CHAPTER 28
SUBORDINATE COURTS ACT

ARRANGEMENT OF SECTIONS

   Section

PART I
PRELIMINARY

   1.   Short title

   2.    Interpretation

PART II
CONSTITUTION OF SUBORDINATE COURTS

   3.    Establishment of subordinate courts

   4.   General and territorial jurisdiction of subordinate courts

   5.   Appointment of magistrates

   6.   Simultaneous sittings of a subordinate court

   7.   Power and jurisdiction of magistrates

   8.   Trial with assessors

   9.    Seals

   10.   Place of sitting

PART III
JURISDICTION AND LAW

   11.   Courts of Record

   12.   Practice and procedure

   13.   Power to transfer to local courts

   14.   Rules as to application of British Acts

   15.   Law and equity to be concurrently administered

   16.   Application of African customary law

   17.   General power of magistrates

   18.   No power to issue writs of habeas corpus

   19.   Criminal jurisdiction

   20.   Civil jurisdiction of subordinate courts of the first class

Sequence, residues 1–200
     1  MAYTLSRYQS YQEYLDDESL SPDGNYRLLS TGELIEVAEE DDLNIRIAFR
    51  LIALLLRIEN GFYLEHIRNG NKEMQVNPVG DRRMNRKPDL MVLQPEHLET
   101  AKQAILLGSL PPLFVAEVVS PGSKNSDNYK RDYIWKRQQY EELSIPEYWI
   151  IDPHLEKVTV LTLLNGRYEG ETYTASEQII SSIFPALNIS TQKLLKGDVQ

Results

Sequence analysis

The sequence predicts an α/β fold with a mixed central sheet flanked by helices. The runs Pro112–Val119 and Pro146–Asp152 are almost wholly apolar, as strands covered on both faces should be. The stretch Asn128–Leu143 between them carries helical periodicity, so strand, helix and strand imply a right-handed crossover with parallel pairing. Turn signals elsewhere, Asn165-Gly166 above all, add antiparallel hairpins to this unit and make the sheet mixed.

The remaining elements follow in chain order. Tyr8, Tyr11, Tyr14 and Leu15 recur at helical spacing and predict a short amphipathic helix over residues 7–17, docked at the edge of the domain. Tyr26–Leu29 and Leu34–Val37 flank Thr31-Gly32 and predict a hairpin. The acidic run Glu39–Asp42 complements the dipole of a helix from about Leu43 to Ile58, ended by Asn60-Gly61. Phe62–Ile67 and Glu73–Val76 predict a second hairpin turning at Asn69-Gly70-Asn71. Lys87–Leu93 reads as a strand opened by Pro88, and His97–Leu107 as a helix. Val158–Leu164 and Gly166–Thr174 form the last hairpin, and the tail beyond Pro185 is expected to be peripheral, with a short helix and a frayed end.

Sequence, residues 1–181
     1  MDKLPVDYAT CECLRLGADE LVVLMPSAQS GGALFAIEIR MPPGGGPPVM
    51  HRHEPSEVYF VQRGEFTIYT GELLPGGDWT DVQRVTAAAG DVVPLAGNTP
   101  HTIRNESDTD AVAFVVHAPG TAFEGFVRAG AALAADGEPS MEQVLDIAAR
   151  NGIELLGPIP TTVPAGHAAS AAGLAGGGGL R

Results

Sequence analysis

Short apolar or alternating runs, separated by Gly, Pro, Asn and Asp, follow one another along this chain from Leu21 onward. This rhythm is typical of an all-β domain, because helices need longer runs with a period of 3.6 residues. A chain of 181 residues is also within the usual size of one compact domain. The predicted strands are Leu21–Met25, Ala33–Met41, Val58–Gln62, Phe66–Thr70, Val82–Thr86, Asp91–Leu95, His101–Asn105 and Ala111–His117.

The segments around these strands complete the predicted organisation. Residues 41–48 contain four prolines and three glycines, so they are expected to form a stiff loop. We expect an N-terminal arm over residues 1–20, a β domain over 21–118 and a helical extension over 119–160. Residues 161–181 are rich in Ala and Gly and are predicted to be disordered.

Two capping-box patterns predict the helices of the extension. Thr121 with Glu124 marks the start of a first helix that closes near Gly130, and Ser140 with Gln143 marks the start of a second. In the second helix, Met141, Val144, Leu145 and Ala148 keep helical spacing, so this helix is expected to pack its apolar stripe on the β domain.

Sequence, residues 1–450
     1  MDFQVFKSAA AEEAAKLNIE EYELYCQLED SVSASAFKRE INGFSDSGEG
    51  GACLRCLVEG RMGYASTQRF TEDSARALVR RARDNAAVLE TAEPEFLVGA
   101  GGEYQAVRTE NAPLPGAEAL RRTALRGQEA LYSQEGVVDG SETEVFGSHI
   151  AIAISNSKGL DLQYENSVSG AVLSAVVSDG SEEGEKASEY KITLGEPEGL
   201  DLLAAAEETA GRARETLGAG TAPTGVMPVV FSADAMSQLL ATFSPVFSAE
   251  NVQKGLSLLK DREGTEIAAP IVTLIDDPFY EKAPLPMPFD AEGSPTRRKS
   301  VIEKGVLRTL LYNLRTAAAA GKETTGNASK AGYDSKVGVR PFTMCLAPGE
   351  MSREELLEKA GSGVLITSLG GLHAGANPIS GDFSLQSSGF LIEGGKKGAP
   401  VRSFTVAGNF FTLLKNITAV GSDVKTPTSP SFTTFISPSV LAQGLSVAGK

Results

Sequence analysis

21.   Civil jurisdiction of subordinate courts of second class

   22.   Civil jurisdiction of subordinate courts of third class

   23.   Where question of title to land is in issue

   24.   Extension of jurisdiction

PART IV
SITTINGS AND DISTRIBUTION OF BUSINESS

   25.   Sittings

   26.   Adjournment in absence of Magistrate

   27.   Power of courts to transfer cases

   27A.   Completion of proceedings

PART V
APPEALS

A-APPEALS IN CIVIL CASES

   28.   Civil appeals

   29.   Wrong ruling as to sufficiency of stamp

   30.   Power to reserve question of law for opinion of High Court

   31.   Conditions precedent to appeal

   32.   Discretionary power of High Court

B-APPEALS IN CRIMINAL CASES

   33.   Right of appeal in criminal cases

PART VI
OFFICERS OF SUBORDINATE COURTS

   34.   Clerk of the court

   35.   Duties of clerk of the court

   36.   Taxing Master

   37.   Oath

PART VII
CONTEMPT OF COURT